The best way to get started is actually on land. Park your boat, still on the trailer, in your yard or wherever you are wanting to get your work in. Setup your platform on your boat and set your dog up on it. Now, you just need to throw marks and get it used to jumping from the platform to make the retrieve, and bringing it back to the platform to deliver to hand.
Every dog is different; some will take to this quickly and some will struggle with it more. If your dog has problems with it, it is important to stay patient and keep working on it. This is the first part of the foundation of boat work. If your dog will not jump onto dry ground from the boat, then you can bet he won’t jump out into the water from it.
The next step might seem silly, but I believe that it gives a good transition for your dog. Keeping the boat on the trailer, park it by a pond or lake, a NON-FLOWING body of water. Get your dog on the platform, close to the water but far enough away from it that when he jumps off he will land on dry ground. Work on throwing bumpers out into the water and sending him from the boat platform. You want him going hard after it and bringing it back to the platform to deliver to hand to you. This step usually takes less time than the first step. It is combining two skills he already has, water retrieves and dry land platform work.
Next comes the fun part, working from the boat in the water! But, we are not ready for the river yet. You want to stay with the lake or pond at this point. There will be no flow, but the boat will still have some movement to it. Now is the time to get the dog used to the movement of the boat. There are a couple of different skills to work on during this training.
First, just let the dog sit on the platform for an extended amount of time. Nothing too drastic, but a few minutes of feeling the boat move a little and keeping his seat on the platform will do him good. Then you can throw bumpers for him to get and bring back for you. Mix it up though, you might throw a double, a single, then have him sit for 3 or 4 minutes before you throw again.
The biggest thing at this point is to get him used to working from the platform in the water. Once you have worked him in the flowing water from land, and have him working from the platform in the still water, it is time to take the boat to the smaller river.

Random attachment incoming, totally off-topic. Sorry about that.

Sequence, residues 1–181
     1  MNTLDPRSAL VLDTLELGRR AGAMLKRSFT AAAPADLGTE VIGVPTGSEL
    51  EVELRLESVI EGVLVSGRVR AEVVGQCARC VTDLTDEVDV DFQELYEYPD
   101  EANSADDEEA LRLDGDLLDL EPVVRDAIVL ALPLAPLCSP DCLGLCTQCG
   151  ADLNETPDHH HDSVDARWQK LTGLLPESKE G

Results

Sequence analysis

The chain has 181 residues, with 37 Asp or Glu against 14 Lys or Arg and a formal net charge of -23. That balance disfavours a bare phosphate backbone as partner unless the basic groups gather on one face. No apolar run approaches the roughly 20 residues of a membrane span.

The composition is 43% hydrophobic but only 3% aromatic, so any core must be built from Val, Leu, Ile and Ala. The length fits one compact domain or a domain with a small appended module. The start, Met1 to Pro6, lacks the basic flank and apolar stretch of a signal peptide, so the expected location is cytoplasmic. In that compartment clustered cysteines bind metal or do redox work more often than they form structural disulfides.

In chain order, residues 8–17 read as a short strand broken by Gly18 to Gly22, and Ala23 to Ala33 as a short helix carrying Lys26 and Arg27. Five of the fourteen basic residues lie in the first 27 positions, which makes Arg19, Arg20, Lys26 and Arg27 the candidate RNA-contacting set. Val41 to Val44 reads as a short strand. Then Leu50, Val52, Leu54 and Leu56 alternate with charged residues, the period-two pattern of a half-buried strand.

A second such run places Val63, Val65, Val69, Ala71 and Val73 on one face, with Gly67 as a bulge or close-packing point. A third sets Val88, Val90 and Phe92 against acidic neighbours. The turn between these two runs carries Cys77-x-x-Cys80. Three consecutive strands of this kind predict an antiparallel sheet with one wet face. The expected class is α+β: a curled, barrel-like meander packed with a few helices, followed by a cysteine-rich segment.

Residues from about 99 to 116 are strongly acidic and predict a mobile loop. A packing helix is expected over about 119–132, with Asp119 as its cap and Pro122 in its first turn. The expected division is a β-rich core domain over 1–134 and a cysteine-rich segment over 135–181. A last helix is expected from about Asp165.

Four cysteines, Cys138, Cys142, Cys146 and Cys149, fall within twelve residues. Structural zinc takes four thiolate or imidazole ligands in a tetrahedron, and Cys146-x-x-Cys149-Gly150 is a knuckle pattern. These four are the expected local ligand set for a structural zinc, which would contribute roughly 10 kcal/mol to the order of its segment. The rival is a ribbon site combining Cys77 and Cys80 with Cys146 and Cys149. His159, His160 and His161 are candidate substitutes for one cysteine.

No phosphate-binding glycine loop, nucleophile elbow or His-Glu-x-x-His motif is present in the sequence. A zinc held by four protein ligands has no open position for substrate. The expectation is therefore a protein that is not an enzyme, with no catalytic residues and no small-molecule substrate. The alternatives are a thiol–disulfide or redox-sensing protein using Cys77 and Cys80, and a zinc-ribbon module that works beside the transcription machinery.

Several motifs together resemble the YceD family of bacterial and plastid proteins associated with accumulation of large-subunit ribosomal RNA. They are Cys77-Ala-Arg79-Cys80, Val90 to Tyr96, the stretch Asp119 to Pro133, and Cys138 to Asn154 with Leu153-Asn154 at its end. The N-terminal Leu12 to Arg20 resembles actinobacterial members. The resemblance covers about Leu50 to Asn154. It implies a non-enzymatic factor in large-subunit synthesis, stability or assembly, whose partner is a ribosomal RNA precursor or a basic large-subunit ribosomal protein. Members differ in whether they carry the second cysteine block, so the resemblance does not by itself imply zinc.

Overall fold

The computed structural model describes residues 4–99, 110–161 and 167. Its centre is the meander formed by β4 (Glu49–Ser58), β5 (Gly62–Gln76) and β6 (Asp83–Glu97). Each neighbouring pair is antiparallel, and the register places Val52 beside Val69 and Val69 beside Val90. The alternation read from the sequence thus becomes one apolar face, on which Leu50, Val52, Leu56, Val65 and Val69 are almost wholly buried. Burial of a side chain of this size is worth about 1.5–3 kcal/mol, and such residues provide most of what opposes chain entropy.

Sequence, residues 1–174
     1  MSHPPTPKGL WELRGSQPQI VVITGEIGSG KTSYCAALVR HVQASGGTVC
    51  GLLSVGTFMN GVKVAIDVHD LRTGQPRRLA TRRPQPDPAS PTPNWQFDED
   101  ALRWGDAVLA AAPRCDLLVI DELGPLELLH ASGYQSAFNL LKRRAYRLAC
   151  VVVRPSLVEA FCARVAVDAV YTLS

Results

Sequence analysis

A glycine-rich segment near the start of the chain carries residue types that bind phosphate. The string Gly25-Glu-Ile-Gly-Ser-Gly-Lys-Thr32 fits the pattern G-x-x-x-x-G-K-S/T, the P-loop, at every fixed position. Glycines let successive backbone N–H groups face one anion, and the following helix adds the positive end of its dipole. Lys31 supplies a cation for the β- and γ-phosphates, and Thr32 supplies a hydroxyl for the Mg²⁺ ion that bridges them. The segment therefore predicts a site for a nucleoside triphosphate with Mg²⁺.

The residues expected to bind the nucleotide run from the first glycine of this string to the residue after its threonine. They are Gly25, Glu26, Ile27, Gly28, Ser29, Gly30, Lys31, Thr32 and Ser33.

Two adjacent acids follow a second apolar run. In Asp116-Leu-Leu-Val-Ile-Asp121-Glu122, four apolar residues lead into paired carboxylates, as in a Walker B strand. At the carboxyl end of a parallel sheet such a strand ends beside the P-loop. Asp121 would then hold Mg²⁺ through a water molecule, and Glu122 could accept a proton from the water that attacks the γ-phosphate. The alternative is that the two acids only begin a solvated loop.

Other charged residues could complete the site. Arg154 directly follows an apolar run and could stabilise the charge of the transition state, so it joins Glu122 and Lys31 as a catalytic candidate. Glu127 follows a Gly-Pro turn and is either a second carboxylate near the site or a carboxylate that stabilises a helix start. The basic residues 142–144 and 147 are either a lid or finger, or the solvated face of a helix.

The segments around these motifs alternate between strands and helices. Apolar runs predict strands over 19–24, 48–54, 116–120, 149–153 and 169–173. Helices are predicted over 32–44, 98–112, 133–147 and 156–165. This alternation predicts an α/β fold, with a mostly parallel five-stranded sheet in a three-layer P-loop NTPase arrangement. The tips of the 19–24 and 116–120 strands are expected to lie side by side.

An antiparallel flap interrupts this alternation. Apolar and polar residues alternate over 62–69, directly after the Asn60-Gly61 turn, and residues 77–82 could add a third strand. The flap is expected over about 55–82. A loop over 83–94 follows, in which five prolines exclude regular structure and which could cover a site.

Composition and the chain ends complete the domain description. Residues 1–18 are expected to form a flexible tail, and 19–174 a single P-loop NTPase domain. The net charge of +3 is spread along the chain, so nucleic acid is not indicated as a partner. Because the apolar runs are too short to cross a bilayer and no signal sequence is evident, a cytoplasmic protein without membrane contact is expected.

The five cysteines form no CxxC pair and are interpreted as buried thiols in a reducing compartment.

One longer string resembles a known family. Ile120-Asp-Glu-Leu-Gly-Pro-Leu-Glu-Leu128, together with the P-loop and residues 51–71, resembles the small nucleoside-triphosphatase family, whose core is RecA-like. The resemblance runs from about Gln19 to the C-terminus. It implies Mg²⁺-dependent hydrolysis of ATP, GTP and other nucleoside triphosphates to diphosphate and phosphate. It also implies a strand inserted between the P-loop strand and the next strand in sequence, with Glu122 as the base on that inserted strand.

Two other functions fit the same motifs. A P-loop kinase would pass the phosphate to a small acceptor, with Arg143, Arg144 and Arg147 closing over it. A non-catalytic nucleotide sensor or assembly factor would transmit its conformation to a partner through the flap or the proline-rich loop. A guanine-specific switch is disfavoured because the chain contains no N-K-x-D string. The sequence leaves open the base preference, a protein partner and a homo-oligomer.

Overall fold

Once again, start out small, on a smaller river. You really need to ease into this, because if you jump too fast and go to the big river thinking he is ready when he really isn’t, you could really set him back. If he goes for the retrieve in the big water from the boat, misses the flowing bumper and gets pulled downstream forcing you to have to go pick him up and rescue him, in all likelihood he will get very scared and be timid with the flowing water in the future.
Patience is key here. Assess him at every stage of this entire process. Move up in training only when he tells you he is ready. Always be very positive and praise him over and over when he does right. If he messes up on a retrieve in the flowing water, do not scold him. The last thing you want to happen is you get onto him and he associates that with the moving water retrieve, and is reluctant to go out in that water in the future. He really wants to please you, and being positive with him is your best bet and getting him where you need him.
Your hunting dog lives to please you and do as you wish. Training him to make retrieves on command, and handling any situation with top-notch skill gives every trainer an immense feeling of pride. If you spend the time to focus on getting your partner ready for the drift boats in heavily flowing waters, there will be nothing that he can’t conquer!